Sensing they should take the man at his offer with no more interaction, Tony and Cyrill moved quickly back up the driveway from whence they arrived in the dark of early morning hours. Jenkins motioned toward the truck and opened the door for the dog. “Come on, Pearl. Let’s go back down to the shop. You done yer work for the day.”


Image: Tony Hisgett via Flickr

Studio 30+ writing prompt – undeveloped Studio30


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Someone to Watch Over Her


“I don’t want to see you ever darken this door again,” her father shouted at Delilah as she stood dazed in the front yard, dead grass crunching under her footsteps in the autumn chill. He apparently didn’t care if the whole neighborhood heard their family row.

She stooped to pick up all the clothing she could carry, a couple t-shirts, a jacket, and two pairs of jeans that wouldn’t fit her much longer. Her mother must have at least put together the overnight bag beside the front door that held her makeup bag and some underwear. For that, the 16-year old was grateful. The girl stuffed everything she could fit inside the bag and sunk down to her knees on the lawn, not knowing where to go.

Her dad glared at her with disdain and said, “No daughter of mine is going to get knocked up and expect to come live back here. Go back to that boy who done got ya in trouble!” The glass shook when he violently slammed the door to finalize his point.

Delilah looked up from her spot on the ground, searched the sky to beg God’s help in deciding what to do, and spied the tiny brown ceramic squirrels perched on the roof’s eave. Her dad had affixed the puffy-tailed mother and baby rodents there, and she always feared they’d fall down in a strong wind and break. Instead, they now stared accusingly down at her.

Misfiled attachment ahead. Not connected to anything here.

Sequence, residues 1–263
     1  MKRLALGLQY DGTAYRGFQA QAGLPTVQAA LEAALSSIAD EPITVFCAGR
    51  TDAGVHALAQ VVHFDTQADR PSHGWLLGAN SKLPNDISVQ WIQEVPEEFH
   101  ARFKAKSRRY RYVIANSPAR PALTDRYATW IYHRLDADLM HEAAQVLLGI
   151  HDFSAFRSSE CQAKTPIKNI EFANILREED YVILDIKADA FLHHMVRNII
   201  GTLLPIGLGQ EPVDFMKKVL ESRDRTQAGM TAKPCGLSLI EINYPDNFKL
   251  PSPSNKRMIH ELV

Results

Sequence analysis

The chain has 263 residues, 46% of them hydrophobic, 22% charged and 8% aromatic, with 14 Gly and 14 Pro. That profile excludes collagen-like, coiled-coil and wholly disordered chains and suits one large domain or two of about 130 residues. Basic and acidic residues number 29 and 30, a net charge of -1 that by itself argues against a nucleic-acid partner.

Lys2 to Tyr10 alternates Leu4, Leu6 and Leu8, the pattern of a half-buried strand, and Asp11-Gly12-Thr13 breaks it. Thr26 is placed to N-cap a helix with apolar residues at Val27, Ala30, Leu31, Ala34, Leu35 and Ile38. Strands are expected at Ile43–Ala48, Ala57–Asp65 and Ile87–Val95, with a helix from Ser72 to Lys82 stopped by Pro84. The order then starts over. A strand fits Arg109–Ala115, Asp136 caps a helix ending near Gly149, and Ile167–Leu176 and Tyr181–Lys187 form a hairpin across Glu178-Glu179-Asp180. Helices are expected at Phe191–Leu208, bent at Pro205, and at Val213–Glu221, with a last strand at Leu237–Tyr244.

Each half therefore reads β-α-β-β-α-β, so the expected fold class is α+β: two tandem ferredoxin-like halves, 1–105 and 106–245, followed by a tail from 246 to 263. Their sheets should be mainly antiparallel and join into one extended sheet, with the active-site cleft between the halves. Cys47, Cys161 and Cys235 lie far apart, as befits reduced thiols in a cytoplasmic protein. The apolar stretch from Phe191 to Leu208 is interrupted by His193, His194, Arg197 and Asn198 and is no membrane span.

A crow in a tree behind the girl squawked its own disapproval at the scene. Delilah had known no other home than the dingy single-story structure before her. A bevy of children existed within those walls. Too many for their parents to control.

Delilah thought back to the halcyon of growing up there with her sisters, playing outside with Barbies, and using cardboard for dollhouses and tissue boxes for little beds. They used any scrap of fabric salvaged from Mom’s sewing basket as a makeshift outfit or blanket, resourceful as they were with few toys. She reminisced over good times they experienced as innocent kids.

She remembered her tea parties with discarded cups and chipped saucers begged for before those wares went to the garbage. Pinkies raised, the girls sat in the garden with the squirrel duo envying the gathering from atop the house. The sisters sipped water while wearing old hats, straw ones with holes or a brother’s ball cap to portray the only man interested in attending such an affair, pretending their soiree included canapes and creamy petit fours.

The brothers bothered them little if roaming the neighborhood or playing stickball in the street. Harassment occurred in the dark of night with Mother unaware. Three sisters shared a single bed, but Norman would slip his hand up beneath the covers without waking up Frannie, Delilah’s older sister. She’d never have let Norman bother Delilah like that had she known.

Delilah learned to distrust Norman and other boys like him. He threatened to hurt their youngest sister if she told, so Delilah lived silently with the abuse to keep the little one safe from him. Her father never suspected a thing. He didn’t realize what Norman did to her when their parents weren’t home.

Her dad didn’t know much of anything, because he never paid any attention. All the girls begged for his affection but only got it on Christmas morning with a slight hug, a peck on the cheek and the slightest smile the man could muster at them. Delilah often wondered why he even wanted to have kids at all if he could only stand to be around the boys.